The expedition was organised by the British Schools Exploring Society (BSES), which was camped on the Von Post glacier near Longyearbyen, 600 miles north of the Norwegian mainland. Eighty 16 to 23 year-olds were on the trip, which was planned to last until August 28, but has now been cut sort.
On Thursday night, 13 of them set up camp, including a perimeter trip wire, on barren ground following a 25-mile trek. But at 7.30 the following morning they were woken when the male bear ripped open one of the tents. Mr Reid and Andy Ruck, 27, sustained severe head injuries as they tried to defend Horatio.
Scott Bennell-Smith, 17, from Cornwall, suffered a broken jaw and smashed teeth, and Patrick Flinders, 16, of Jersey, was clawed across the face. The victims threw rocks at the bear as it attacked.
Expedition leaders are advised that camps should be protected either by trip wires, lookouts thought the night or guard dogs. However, it emerged yesterday that the camp had operated without an overnight lookout or guard dog, and that the tripwire flares were not stuck in the ground sufficiently to go off.
Regular trekkers said the wires should be attached to wooden posts driven into the ground and revealed that they must be set up correctly to ensure the device detonates when tripped, but cannot be activated by a gust of wind.
A spokesman for the governor of Svalbard said that the trip wire appeared not to have been detonated. A group of Swiss walkers ending a two-day trek said they would not trust a tripwire: “We prefer to have someone permanently on watch and rotate them over the night.”
Andy Rouse, a wildlife photographer with experience of the region, said that groups needed to be “armed to the teeth” to counter any possible threat. But it was reported that the bear may have been shot with an old Mauser hunting rifle. The German made, bolt-action weapons are common on the island, locals said.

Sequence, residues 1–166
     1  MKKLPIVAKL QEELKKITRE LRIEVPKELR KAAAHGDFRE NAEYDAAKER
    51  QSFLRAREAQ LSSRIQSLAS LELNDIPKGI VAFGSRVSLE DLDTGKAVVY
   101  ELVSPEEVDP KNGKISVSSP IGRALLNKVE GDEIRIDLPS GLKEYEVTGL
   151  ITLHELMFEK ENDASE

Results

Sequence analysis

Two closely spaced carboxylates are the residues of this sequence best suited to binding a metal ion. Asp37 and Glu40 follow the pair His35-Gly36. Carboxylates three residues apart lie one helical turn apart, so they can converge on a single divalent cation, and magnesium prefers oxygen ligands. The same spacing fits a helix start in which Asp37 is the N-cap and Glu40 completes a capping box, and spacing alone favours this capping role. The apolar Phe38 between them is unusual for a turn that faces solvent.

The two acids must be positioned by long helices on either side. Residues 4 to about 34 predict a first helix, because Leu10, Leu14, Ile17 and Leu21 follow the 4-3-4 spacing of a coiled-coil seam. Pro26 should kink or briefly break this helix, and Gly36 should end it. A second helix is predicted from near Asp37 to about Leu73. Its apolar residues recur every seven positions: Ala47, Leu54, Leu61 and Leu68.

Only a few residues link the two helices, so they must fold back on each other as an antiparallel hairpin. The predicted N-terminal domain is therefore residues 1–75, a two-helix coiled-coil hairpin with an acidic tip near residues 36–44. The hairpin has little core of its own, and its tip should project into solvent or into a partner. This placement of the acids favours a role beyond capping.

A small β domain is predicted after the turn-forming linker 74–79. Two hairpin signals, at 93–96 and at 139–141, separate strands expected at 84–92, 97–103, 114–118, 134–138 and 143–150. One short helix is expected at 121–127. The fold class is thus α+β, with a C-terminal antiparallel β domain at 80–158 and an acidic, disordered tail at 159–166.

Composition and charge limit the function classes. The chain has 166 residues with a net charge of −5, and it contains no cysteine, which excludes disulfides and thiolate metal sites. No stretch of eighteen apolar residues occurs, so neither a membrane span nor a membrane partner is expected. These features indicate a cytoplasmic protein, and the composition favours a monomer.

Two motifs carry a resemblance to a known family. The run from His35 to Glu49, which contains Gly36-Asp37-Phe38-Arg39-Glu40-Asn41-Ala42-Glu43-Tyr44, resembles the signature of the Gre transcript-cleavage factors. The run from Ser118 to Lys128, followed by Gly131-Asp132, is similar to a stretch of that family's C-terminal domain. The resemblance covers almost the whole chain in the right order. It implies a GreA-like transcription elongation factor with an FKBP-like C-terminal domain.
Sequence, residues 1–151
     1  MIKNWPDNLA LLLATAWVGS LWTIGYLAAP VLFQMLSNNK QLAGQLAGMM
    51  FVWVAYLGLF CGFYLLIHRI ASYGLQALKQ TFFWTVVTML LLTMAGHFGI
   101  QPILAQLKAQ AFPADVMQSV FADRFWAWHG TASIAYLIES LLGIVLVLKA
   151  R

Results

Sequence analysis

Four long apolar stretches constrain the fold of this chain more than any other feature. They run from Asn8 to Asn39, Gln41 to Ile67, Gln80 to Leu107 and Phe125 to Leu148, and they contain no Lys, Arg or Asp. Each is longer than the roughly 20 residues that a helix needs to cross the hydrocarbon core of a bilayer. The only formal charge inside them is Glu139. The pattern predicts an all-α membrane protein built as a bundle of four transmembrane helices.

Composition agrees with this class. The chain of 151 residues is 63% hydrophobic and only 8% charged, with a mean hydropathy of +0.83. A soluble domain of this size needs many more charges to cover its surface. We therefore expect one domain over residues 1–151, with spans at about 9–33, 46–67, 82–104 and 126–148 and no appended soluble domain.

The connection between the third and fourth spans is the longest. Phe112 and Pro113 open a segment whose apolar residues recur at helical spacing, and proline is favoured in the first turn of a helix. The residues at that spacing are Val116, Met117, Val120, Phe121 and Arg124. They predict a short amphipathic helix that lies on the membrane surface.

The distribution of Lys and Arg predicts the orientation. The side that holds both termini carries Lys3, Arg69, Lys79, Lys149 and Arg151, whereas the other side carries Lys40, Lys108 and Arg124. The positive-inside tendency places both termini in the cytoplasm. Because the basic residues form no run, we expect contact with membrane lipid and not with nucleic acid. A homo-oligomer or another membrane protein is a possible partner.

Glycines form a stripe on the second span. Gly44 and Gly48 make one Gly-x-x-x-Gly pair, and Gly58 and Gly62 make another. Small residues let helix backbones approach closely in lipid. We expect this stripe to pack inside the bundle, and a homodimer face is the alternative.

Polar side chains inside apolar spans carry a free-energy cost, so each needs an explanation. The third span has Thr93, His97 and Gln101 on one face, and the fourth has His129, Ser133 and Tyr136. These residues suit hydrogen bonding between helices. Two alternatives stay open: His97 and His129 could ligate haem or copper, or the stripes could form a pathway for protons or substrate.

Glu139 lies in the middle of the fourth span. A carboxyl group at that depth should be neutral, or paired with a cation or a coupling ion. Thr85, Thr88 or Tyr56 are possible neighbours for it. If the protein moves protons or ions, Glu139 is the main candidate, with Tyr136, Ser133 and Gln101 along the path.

Two of the injured left University Hospital in Tromso yesterday to fly home on separate air ambulances. One was scheduled to land in Exeter, while the other was bound for Southampton. Two other injured expedition members were due to fly home today. Their injuries are understood to include 6in cuts, claw marks and one serious bite to the arm.
Horatio’s parents were preparing to return with their son’s body. David Chapple, 49, a consultant orthopaedic surgeon at Salisbury NHS Foundation, and Olivia, a doctor at Royal Bournemouth and Christchurch Hospitals, flew to Tromso to make the arrangements.
A statement from them said: “We, as Horatio’s family, appreciate how supportive and compassionate the Norwegian people have been to us during this extremely painful time.
“We would like to thank the British Ambassador and her staff and everyone at the British Schools Exploring Society for their incredible support and help.”
Lt Gen Peter Pearson, the executive director of the British Schools Exploring Society, said that expeditions would go on. “We have been coming here for 40 years and we have never experienced anything like this,” he said.
Yesterday, Peter Bennell-Smith, Scott’s father, said: “It will never leave me to think how close Scott came to being killed that day.
“I am so sorry for the loss of his new friend and fellow adventurer, Horatio; it is every parent’s worst nightmare.”